Always Remember to Back Up Your Data
With data breaches occurring at a startling pace, one of the most significant steps that Mac users can take to promote security is always to back up their data.
Perhaps the easiest way to account for the importance of backup is to equate them with an insurance policy. Similar to your insurance, you hope that you’ll never need to use your backups, but they always come in handy in instances of cybercrimes.
Fortunately, the macOS is equipped with a Time Machine, which is one of the most easy-to-use backup features out there. With the Time Machine option, all users need is an external hard drive or a network volume, and their work is done since Time Machine automatically backs up the data on your Mac computer on an hourly basis.
Furthermore, if users are willing to walk the extra mile for security, we’d recommend that you use two backup systems, in the instance that one of the backup systems fails.
Combining two different tools, such as the Time Machine with the Intego Personal Backup, ensures that you never have to lose data, even in the instance of a data breach.
Secure Your Sensitive Data with FileVault
When first introduced, Apple’s full-disk encryption feature resulted in a slowed-down performance of your computer. Fortunately, that is not the case, which is why we’d highly suggest that you turn on FileVault.
As the name quite aptly suggests, FileVault is your Mac computer’s full-disk encryption feature, which ensures that no cybercriminal will be able to gain entry into your Mac’s drive, without knowing your password.
Moreover, the FileVault feature comes in extremely handy in case your Mac computer gets stolen or lost, since it blocks any intruder from gaining access to the contents of your Mac. For business owners, FileVault data security ensures that your customer data is PCI compliant, which can help avoid significant fines later on.
Automatically Lock Your Computer When It Is Not In Use
Since your Mac requires you to enter the password when you turn it on, it is highly recommended that you configure the settings to need the password when the computer wakes up from sleep mode, or when a screen saver has been activated.
To enable the password requirement, users need to click on the “Require password after sleep or screen saver begins” option, which is situated in the Security & Privacy pane in the System Preferences tab. Once you find the button, select the “immediately” option from the drop-down menu.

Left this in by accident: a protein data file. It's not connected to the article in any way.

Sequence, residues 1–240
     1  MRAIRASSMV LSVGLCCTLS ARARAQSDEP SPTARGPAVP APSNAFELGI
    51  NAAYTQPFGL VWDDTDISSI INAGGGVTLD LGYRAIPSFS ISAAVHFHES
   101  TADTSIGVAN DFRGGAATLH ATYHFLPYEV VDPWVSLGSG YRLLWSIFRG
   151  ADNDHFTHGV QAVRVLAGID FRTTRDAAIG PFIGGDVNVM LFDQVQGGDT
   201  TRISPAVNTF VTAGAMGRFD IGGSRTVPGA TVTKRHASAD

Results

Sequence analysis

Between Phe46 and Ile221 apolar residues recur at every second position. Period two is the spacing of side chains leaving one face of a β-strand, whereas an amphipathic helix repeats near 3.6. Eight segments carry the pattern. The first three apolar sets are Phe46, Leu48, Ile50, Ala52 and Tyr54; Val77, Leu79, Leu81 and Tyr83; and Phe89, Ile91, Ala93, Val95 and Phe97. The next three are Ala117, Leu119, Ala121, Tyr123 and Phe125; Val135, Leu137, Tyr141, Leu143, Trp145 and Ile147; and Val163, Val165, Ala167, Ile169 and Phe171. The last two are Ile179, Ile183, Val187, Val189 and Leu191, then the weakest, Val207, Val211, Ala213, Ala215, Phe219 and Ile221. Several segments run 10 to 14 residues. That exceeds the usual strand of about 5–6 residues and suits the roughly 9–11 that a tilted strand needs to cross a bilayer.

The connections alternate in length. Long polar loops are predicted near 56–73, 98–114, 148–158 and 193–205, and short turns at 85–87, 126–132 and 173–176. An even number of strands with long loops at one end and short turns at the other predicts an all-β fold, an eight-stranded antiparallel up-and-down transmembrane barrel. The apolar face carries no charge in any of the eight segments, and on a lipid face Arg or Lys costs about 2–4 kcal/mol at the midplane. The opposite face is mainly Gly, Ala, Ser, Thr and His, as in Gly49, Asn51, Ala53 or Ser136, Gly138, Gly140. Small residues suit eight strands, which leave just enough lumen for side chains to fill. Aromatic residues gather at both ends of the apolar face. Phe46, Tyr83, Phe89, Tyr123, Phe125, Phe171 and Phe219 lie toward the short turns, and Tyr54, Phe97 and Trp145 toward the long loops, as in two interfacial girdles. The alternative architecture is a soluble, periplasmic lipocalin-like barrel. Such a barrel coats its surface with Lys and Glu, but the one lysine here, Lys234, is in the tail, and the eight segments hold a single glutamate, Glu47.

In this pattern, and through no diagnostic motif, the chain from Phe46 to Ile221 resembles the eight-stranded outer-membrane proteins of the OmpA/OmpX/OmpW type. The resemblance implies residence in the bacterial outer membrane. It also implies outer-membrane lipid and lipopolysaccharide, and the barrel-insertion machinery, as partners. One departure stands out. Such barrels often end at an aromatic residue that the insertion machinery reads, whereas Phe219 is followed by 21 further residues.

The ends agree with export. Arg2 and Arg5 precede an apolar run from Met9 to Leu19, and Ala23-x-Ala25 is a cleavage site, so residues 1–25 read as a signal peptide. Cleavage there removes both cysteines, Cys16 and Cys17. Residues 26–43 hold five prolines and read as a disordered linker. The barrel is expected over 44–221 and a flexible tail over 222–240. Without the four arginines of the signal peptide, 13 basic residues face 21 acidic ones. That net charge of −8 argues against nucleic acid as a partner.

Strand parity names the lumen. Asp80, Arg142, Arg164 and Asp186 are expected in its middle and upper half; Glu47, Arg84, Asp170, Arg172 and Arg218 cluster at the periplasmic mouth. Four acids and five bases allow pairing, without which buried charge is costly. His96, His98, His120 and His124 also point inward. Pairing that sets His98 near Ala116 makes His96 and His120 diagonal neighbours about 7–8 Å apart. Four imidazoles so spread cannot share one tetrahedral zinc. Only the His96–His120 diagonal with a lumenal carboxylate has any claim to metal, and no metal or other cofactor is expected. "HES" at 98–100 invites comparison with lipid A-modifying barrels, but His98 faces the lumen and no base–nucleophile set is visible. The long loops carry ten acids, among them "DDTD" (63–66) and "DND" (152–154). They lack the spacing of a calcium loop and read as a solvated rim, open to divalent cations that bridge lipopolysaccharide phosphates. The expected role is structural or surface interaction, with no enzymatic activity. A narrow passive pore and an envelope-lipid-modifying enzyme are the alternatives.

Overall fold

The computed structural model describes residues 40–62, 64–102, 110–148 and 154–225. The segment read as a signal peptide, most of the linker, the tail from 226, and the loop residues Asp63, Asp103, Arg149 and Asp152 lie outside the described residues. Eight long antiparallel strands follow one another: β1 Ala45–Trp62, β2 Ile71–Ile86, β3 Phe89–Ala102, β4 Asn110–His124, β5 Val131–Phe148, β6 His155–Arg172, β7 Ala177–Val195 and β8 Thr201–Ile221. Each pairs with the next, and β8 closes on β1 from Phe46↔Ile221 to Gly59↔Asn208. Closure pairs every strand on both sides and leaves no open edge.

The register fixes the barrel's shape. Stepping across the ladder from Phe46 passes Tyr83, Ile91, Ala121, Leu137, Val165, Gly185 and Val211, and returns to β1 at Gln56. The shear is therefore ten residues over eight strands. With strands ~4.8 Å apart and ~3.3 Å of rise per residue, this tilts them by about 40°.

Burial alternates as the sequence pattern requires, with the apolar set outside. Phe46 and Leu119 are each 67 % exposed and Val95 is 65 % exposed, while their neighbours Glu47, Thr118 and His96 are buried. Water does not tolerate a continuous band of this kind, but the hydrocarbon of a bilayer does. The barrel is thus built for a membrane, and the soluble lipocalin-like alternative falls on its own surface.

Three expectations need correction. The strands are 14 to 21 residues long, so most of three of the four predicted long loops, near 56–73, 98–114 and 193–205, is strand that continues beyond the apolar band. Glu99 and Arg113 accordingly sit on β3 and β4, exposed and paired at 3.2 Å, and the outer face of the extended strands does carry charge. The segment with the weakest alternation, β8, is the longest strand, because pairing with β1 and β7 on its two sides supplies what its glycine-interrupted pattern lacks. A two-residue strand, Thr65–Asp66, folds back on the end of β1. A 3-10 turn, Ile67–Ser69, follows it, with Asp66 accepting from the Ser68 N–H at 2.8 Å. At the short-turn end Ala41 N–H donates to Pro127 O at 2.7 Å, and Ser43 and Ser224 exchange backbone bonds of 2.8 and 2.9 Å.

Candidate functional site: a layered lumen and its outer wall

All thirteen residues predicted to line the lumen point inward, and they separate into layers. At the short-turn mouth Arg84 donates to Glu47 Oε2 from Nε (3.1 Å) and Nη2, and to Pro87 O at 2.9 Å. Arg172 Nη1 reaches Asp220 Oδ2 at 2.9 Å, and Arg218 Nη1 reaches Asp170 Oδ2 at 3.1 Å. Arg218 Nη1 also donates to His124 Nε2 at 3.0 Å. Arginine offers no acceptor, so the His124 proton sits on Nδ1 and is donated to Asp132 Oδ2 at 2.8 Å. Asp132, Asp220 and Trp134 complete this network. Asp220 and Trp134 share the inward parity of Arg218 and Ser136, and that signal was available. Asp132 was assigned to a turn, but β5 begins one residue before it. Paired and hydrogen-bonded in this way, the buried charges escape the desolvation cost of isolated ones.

Although automatically locking your Mac does entail the user having to type down their password quite often, it significantly minimizes the risk of your sensitive information falling into the hands of malicious agents.
Moreover, if you’ve got a Mac computer with TouchID, the process of unlocking your Mac PC becomes significantly less time-consuming.
Frequently Update Your Software
A rookie mistake that we’ve unfortunately seen many users make is to stall the installation of security updates on their Mac computers.
Although it might be annoying to receive notifications while you’re working on an important project, installing security updates as soon as impossible ensures that you’ve got the best possible defense against an arsenal of cybercrimes.
Although we would recommend against turning on automatic updates, since you don’t want the updates to take place while you’re working, we’d suggest that you frequently check for software and security updates, and install them as quickly as possible.
Limit Ad Tracking
A unique feature, that we’d recommend that users make full use of it and limit ad tracking on their Mac computers.
To prevent third-party advertisers from gaining access to any sensitive information, all you need to do is click your way into System Preferences > Security & Privacy > Advertising.
Once you’ve reached the “Advertising” tab, all you need to do is to click on the box next to “Limit Ad Tracking,” and you’re done. With this option turned on, you don’t need to worry about third-parties exploiting your data.
Towards the end of the article, we can hope that our readers will adhere to the privacy tips that we’ve mentioned above. As the threat landscape continues to grow ever more sophisticated, we mustn’t take security for granted, and take steps to ensure maximum safety on our Mac computers!